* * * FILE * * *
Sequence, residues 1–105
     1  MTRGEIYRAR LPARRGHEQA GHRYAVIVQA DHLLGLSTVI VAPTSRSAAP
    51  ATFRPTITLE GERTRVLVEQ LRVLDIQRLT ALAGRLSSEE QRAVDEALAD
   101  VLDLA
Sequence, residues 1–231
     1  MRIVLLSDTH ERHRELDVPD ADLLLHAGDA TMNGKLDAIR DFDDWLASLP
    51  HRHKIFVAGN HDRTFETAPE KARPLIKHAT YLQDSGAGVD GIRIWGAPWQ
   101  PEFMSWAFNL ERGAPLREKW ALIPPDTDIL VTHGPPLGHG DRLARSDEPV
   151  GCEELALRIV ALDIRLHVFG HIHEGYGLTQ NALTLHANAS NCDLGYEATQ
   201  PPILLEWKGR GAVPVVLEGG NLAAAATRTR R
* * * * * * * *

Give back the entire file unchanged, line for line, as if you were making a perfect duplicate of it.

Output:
Sequence, residues 1–105
     1  MTRGEIYRAR LPARRGHEQA GHRYAVIVQA DHLLGLSTVI VAPTSRSAAP
    51  ATFRPTITLE GERTRVLVEQ LRVLDIQRLT ALAGRLSSEE QRAVDEALAD
   101  VLDLA
Sequence, residues 1–231
     1  MRIVLLSDTH ERHRELDVPD ADLLLHAGDA TMNGKLDAIR DFDDWLASLP
    51  HRHKIFVAGN HDRTFETAPE KARPLIKHAT YLQDSGAGVD GIRIWGAPWQ
   101  PEFMSWAFNL ERGAPLREKW ALIPPDTDIL VTHGPPLGHG DRLARSDEPV
   151  GCEELALRIV ALDIRLHVFG HIHEGYGLTQ NALTLHANAS NCDLGYEATQ
   201  PPILLEWKGR GAVPVVLEGG NLAAAATRTR R